Within the past year, the treatment and perceptions of women have been challenged due to the various marches and movements. Nathaniel Hawthorne’s romance, The Scarlet Letter, presents how women were viewed in a Puritan society, falling into a rigid dichotomy of either being the “saint” or “sinner.” This is otherwise known as the “Madonna/Whore complex,” which is explored through the life of the novel’s protagonist, Hyster Prynne. Her struggles and experiences through this dichotomy ultimately affect her both physically and emotionally as it represses her femininity. Firstly, what does the Madonna/Whore complex even mean? According to Gottschall, it is defined as how “men and/or society divide women into two binary types: virgins and whores. …show more content…
She cannot be defined by just one label, but both. She is a mother to Pearl, who is a child born from adultery. She is a caregiver, seamstress, a lover, and a counselor, but the Puritanical society Hester lives in constantly reminds her that she is just a whore. By subscribing to this label, Hester loses her identity in a way. The effect of being an outsider due to the letter causes her to become a shell of her former self. Her beauty is lost as “her rich and luxuriant hair had either been cut off, or was so completely hidden by a cap, that not a shining lock of it ever once gushed into the sunshine” (Hawthorne 515). Hester has stopped being a woman, which the narrator even confirms. She is able to reclaim her womanhood briefly when she takes off her cap and letter in an intimate moment with Arthur Dimmesdale. She is finally allowed to be beautiful since “the burden of shame and anguish [depart] from her spirit” (Hawthorne 536). However, when she has to put her hair back in the cap and fasten on the letter “her beauty, the warmth and richness of her womanhood, [depart], like fading sunshine; and a gray shadow seemed to fall across her” (Hawthorne 541). This is just another example of how women and their bodies are policed under this dichotomy. Yet men are free from the being either the Madonna or the whore because that separation is exclusive to women. Throughout the story, Hester’s torment is contrasted with the man whom Hester had an affair with, Arthur Dimmesdale. Despite Arthur revealing his part in their adultery, the townspeople do not condemn him. In the conclusion, the narrator reveals how the spectators refused to believe that Arthur’s “dying words, acknowledged, nor even remotely implied, any, the slightest connection on his part, with the guilt for which Hester Prynne had so lone worn the scarlet letter” (Hawthorne 566). Even the highly respectable witnesses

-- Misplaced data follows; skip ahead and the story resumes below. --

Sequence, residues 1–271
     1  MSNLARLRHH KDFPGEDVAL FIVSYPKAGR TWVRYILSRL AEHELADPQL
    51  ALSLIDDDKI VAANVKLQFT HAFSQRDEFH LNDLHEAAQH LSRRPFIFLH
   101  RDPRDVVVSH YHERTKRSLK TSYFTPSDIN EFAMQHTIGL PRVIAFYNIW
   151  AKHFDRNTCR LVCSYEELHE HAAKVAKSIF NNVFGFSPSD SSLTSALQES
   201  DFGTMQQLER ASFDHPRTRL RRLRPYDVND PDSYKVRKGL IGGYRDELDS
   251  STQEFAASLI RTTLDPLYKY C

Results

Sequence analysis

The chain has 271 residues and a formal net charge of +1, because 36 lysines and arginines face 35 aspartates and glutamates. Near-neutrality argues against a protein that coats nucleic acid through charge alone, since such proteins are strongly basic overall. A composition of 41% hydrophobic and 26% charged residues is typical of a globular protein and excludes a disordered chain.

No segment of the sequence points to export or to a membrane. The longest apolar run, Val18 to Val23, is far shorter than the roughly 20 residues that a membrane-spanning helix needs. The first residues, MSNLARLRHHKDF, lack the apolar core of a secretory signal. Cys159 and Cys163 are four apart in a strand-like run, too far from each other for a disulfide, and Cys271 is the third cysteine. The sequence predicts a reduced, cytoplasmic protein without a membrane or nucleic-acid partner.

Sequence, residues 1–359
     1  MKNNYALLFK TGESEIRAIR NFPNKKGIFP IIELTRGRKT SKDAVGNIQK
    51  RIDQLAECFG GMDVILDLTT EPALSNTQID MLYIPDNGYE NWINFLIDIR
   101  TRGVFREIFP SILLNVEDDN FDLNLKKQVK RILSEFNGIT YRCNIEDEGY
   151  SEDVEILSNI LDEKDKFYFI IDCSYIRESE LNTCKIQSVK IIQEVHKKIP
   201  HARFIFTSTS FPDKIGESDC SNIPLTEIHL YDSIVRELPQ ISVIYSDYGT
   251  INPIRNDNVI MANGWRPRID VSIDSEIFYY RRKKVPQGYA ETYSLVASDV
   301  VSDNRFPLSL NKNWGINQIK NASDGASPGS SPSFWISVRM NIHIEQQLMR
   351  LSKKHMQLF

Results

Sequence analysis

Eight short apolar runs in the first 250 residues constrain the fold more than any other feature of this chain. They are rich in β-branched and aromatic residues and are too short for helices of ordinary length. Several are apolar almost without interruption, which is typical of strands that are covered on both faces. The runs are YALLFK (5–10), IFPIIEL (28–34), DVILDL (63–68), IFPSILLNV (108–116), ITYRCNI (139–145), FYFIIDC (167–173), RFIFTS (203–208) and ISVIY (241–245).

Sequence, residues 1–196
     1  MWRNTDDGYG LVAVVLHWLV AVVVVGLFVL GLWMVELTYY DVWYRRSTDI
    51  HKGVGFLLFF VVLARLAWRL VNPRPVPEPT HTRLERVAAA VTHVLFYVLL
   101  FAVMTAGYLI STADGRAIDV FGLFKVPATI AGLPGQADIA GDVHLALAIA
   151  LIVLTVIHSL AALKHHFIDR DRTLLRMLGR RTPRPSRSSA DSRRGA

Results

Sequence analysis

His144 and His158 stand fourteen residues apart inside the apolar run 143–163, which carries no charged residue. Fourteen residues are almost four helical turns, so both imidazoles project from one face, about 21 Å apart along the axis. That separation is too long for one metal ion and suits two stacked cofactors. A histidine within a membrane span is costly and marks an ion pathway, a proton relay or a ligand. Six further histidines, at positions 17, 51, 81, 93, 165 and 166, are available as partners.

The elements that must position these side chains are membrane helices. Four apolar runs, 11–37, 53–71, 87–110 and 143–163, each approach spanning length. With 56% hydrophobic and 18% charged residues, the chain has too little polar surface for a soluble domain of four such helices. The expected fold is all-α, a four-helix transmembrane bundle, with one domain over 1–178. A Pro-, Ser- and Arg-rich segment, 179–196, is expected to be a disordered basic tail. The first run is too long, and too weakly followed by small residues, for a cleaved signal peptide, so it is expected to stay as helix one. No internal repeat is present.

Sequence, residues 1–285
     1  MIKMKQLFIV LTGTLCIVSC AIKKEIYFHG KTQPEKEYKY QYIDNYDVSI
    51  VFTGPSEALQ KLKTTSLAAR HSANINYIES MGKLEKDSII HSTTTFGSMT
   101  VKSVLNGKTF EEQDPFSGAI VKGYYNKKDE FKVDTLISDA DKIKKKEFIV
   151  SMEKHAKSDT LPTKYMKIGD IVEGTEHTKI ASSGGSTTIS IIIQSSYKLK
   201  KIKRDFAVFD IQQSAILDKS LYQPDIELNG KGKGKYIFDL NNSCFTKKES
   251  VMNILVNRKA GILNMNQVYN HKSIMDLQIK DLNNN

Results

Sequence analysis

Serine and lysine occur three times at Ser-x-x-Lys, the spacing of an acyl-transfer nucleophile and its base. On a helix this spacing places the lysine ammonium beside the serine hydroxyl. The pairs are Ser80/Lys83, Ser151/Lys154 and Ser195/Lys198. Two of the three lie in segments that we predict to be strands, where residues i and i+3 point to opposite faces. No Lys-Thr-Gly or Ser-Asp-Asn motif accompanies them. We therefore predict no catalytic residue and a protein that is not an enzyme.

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Throughout the Scarlet Letter, Hester learned to handle her inner strength by accepting the “ SCARLET LETTER, so fantastically embroidered and illuminated upon her bosom” (Hawthorne 46) and letting it empower her instead of weaken her. This showed that she was attempting to redeem herself by accepting her sin before God. Hester also caused the town to recognize that she was changing the meaning of the “A” from adultery to “Able...so strong was Hester Prynne, with a woman's strength”(Hawthorne 127). This showed that despite being an outcast of the Puritan society, she was redeeming herself by using her inner strength and physical capability even in the face of the shame that came from committing adultery. Hawthorne’s message was that it is possible to persevere in a resentful and dark world if people rely on their inner strength.